The ankle is a joint that connects the leg to the foot. It has several bones, ligaments, and tendons, as well as a large range of motion. Due to these features, it can easily be sprained or fractured when you make the wrong move.

The good news is that these injuries are generally benign, which means they do not need invasive surgical procedures. Unfortunately, most of the recommended treatments require medical intervention. In this article, we will discuss a few common ankle injuries and how to treat them.

Common ankle injuries and their treatments:

Achilles tendonitis

This is the largest tendon in the body, connecting the muscles of the calf to the heel bone.

The Achilles tendon is prone to inflammation due to overuse. We refer to this condition as Achilles tendonitis. Unfortunately, suffering from Achilles tendonitis makes you more susceptible to partial and complete ruptures of the tendon. Sudden trauma can lead to the same end result.

Typically, you would hear a popping noise and experience heel pain after landing from a jump. Determining the nature of your injury requires a complete physical examination. In some cases, an MRI might be necessary.

As for the treatment of Achilles tendonitis, you will need to follow the RICE approach (rest, ice, compression, and elevation). Taking over-the-counter anti-inflammatory drugs may also help. Additionally, your doctor may recommend a few exercises and physical rehabilitation to restore full motion of the joint.

Ankle sprains

The ligaments of your ankle protect the joint and keep it in place. If a sprain occurs, one of your ligaments might get stretched or torn. Note that injuring more than one ligament is not that uncommon.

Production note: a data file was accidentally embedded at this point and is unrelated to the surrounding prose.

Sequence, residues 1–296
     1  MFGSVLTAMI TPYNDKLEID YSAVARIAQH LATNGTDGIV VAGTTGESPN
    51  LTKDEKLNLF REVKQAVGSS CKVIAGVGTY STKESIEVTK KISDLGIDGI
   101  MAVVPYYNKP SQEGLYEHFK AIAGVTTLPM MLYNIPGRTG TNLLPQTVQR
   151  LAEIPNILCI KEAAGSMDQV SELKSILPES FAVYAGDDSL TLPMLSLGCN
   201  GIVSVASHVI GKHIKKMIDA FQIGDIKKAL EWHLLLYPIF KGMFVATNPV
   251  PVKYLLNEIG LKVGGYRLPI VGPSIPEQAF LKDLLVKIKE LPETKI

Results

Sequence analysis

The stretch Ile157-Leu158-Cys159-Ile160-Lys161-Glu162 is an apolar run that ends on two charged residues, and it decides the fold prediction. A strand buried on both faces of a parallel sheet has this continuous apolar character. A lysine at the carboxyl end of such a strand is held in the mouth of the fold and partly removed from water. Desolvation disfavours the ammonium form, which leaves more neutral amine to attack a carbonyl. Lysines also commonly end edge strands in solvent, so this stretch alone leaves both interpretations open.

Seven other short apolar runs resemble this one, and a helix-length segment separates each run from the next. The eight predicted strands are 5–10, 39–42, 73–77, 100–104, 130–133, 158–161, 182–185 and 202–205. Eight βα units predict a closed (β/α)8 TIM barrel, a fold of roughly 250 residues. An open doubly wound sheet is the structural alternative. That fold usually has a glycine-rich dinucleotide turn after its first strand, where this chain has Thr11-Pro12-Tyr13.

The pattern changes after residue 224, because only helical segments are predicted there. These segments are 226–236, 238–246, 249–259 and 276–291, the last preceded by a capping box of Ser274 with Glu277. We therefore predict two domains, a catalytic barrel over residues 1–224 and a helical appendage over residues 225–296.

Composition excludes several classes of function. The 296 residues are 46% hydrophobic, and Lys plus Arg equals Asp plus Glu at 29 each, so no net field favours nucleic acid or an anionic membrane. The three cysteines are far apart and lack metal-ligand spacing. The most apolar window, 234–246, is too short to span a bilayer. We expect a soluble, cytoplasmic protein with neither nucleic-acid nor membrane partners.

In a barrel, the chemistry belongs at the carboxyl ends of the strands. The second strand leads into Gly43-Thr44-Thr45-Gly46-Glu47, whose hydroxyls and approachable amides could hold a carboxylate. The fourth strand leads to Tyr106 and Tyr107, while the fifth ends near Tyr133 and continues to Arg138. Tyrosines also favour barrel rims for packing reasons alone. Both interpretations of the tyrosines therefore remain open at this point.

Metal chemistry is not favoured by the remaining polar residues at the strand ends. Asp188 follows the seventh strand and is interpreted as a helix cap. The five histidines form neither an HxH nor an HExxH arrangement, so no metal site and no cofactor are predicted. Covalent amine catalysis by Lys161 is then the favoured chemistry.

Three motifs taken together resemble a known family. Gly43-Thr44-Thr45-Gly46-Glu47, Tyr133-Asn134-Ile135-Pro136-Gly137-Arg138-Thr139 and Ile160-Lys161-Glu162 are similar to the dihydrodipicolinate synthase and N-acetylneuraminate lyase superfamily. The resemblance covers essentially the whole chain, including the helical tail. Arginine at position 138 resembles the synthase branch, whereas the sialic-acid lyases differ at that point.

The most suspectable ligament to injury is the syndesmotic ligament, which runs from the knee to the ankle.

Treating ankle sprains requires rest, applying ice, and taking over-the-counter drugs. In severe cases, however, you will need the help of a professional.

Ankle fractures

For ankle fractures to occur, you need to undergo a severe traumatic injury. This is very different from ankle sprains despite occurring simultaneously sometimes. This might lead some patients to self-diagnose themselves and even auto-medicate.

Symptoms of an ankle fracture are:

  • Pain
  • Edema (i.e., swelling)
  • Blistering
  • Deformity of the joint

Clearly, you cannot treat all injuries from home. You may need the help of an orthopedic surgeon. The severity of the injury will let your doctor know whether surgery is necessary. Sometimes, wearing a splint may be sufficient.

Takeaway message

Learning to differentiate between different ankle injuries can be very useful when working out. Just by understanding how these injuries occur, you can program yourself to prevent them. We hope that this article helped you understand the different ankle injuries and how they can be treated

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Disclaimer:  This information is provided as an educational service only, and is not intended as a substitute for medical advice.  Anyone seeking specific medical advice or assistance should consult his or her doctor or orthopedic surgeon.